I’ve been thinking for a long time on how to make NixOS (not necessarily Nix) more accessible to users that just don’t have the time to learn a whole new paradigm and programming language. I’m going to dump a few thoughts here on how my version of this utility would work, and hopefully get some feedbak from both experienced and novel users. Specifically, I’m looking to do the least amount of work possible: if anyone can point me to other projects I may take anything from code to inspiration from, I’d be most thankful.
Why would such a tool be needed? Well, in my case, I would use it behind a VPN to access my installs remotely, for tasks that do not necessarily warrant, or are slower on, an ssh connection. Simply adding a package to systemPackages, or adding an SSH key, for example, would involve a few taps and a paste from a phone, while ssh’ing would be much more annoying. Potentially, it could serve as an installer. I could also more easily sell the idea of an operating system that involves mandatory configuration management to other potential users when I can say “think Windows’ Control Panel, but consistent”, or “Plasma’s System Settings, but for the whole system”. Or even “it has a graphical Ansible/Chef/Salt/Puppet/Whatever”
From this point on, I’m both requesting feedback and taking notes for myself.
If I get it my way, this would aid with discoverability of new options, specially on -unstable. It should be able to replace both nixos.org/nixos/packages.html and nixos.org/nixos/options.html , but locally, and optionally have links to the local manual build.
It would be a configuration and management tool. It would manage packages only by accident, because environment.systemPackages is an array which can be filled up. Fedora’s Cockpit and Ubuntu’s Juju would be closer to it than Discover or Gnome Software.
I think the ideal architecture for this would be a daemon and a client. Since I would only target NixOS, systemd is a given, therefore the daemon can be socket-activated and not take any resources when unused. This daemon would serve an API, and probably a web client.
I’m not married to any particular language for any of those things, BUT:
- I’m not interested on building a parser. A quick search gives me a parser in C++, another one in Haskell, one in Go and two more in Rust. Even if I only have (not that much) experience with Rust, and a single close person with C++ experience, I’m inclined to use Go, just because it’s the only one that expresses benchmarks in its README, but ideally I’d try every one of them and see for myself. Hoping for some input here. I’m most interested on this part being fast.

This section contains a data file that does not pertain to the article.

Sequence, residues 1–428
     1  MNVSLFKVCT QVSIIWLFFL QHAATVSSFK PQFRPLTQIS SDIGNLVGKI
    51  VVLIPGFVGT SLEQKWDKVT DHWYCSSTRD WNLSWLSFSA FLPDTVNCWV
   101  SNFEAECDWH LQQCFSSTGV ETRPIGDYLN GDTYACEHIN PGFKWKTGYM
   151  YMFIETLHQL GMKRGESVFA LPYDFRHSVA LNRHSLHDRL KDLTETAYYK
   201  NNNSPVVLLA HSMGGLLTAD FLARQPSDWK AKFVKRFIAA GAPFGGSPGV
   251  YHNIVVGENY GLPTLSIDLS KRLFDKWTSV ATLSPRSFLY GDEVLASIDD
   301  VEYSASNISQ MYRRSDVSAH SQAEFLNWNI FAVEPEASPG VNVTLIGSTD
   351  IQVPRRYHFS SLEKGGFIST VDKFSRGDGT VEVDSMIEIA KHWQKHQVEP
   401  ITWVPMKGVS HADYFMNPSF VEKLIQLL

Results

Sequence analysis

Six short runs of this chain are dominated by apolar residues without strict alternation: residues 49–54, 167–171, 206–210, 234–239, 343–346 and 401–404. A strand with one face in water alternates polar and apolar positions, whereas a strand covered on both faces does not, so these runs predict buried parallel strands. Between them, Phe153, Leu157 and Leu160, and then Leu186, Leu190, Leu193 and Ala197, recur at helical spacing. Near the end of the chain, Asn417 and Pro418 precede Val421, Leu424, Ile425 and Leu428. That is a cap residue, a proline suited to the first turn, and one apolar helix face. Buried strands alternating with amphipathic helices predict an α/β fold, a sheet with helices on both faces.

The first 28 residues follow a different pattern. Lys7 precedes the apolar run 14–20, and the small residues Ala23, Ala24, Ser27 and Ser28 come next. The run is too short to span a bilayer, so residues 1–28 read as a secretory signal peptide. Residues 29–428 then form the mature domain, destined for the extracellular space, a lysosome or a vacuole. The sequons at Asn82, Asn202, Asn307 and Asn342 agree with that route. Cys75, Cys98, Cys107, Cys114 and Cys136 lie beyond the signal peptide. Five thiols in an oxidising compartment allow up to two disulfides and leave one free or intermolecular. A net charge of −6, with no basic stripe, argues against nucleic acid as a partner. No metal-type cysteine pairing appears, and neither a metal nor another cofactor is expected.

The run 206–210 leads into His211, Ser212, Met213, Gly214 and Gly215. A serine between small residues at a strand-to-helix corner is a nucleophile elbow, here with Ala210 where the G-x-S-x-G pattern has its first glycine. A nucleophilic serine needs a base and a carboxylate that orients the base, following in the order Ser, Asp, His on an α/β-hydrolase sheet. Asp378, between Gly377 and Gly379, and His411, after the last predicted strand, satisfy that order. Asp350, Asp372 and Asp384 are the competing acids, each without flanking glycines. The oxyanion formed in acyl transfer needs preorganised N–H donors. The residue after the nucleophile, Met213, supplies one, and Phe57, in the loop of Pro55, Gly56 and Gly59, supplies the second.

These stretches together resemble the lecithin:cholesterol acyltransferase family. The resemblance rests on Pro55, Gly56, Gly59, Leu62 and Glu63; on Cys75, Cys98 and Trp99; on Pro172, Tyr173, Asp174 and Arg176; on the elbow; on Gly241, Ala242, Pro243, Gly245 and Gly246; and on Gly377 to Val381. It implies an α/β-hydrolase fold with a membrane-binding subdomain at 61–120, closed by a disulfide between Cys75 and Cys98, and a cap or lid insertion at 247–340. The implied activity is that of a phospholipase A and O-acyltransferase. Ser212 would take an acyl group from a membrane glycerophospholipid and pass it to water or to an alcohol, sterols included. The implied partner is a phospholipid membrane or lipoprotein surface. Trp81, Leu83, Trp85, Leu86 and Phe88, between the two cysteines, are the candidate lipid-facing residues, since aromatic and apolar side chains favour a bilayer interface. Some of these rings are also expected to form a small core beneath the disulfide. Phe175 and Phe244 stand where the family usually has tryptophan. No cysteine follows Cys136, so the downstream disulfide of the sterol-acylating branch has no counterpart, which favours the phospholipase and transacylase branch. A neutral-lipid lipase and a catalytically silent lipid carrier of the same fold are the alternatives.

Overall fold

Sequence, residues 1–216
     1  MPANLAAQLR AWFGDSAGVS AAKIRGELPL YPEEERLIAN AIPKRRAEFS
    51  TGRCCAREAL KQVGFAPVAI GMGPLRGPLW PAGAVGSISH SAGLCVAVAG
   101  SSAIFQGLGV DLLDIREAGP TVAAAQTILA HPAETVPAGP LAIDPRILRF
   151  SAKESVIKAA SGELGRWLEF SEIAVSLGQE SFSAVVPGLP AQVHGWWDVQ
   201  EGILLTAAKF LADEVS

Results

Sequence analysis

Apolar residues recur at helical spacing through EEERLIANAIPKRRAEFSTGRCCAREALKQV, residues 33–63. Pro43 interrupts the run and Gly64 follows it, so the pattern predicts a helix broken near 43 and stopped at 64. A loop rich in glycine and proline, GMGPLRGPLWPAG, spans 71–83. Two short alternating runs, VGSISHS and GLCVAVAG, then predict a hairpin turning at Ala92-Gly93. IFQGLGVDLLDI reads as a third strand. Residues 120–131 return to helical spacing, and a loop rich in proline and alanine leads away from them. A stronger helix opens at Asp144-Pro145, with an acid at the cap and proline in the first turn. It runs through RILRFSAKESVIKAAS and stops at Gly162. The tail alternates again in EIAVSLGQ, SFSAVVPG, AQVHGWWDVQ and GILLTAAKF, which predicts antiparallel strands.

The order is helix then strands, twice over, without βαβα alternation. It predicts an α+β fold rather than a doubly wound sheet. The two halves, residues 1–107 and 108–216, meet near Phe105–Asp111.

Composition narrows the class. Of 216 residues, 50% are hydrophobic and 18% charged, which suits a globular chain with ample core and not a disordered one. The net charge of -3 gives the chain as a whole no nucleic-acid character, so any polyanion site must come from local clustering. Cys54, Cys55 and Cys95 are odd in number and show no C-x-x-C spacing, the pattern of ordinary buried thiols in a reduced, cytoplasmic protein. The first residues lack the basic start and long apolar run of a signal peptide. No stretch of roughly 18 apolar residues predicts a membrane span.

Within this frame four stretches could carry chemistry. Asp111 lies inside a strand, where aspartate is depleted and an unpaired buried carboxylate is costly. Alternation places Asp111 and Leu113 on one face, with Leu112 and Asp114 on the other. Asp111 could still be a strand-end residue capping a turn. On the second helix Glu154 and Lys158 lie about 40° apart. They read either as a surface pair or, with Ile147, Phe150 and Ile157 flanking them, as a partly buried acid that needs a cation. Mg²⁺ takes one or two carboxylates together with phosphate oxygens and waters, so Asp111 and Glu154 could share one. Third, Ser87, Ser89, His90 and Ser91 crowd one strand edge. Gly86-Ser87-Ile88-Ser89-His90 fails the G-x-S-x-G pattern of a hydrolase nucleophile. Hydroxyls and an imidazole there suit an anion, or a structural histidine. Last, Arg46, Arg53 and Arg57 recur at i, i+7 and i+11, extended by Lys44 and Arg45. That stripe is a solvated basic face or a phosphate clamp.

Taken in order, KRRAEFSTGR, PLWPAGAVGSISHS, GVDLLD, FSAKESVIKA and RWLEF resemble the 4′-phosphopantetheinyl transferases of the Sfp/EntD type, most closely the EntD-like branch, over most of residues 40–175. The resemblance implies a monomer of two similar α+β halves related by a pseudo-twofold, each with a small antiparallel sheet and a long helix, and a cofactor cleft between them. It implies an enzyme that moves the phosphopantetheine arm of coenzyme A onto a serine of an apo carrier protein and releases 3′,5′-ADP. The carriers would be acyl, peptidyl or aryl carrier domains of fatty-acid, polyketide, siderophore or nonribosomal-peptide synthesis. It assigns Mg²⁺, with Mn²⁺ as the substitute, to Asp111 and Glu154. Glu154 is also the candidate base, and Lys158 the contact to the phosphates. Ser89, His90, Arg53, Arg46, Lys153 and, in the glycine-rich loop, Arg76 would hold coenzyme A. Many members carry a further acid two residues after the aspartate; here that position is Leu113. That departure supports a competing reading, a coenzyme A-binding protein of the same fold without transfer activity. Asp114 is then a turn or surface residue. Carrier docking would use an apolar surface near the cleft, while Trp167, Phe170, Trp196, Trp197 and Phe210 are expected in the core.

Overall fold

- The API would make it easier for the web client to interact safely with configuration.nix. Additionally, it allows for someone that prefers a native configuration tool using, say, Qt, could build one without having to worry about the backend. Also, in the future, I would like for a single client to be able to manage multiple NixOS systems. Design wise, I’m partial to the JSONAPI standard, which would make using C++ the most complicated (since I can’t see a C++ server implementation of JSONAPI in their site) but as with everything else, I’m hoping for suggestions.
I’d like to, at some point, give it buttons to run nixos-rebuild switch/boot, nix-channel --update, nix-collect garbage even. Integration with howoldis.herokuapp.com and/or channels.nix.gsc.io/graph.html. A hypothetical “installer” mode could ask for a mountpoint and use nix-generate-config. Maybe Netdata for graphs at some point? In my dream world this dashboard would replace my NewTab/Homepage in my browser.
What do you people think? I expect input from basically anyone: Developers, please input on the technology I’m planning to use, and feel free to run with the idea and start the project (I’m not going to be quick at this). Users, tell me what you would expect of such a tool: I’d like to think I’m open to ideas.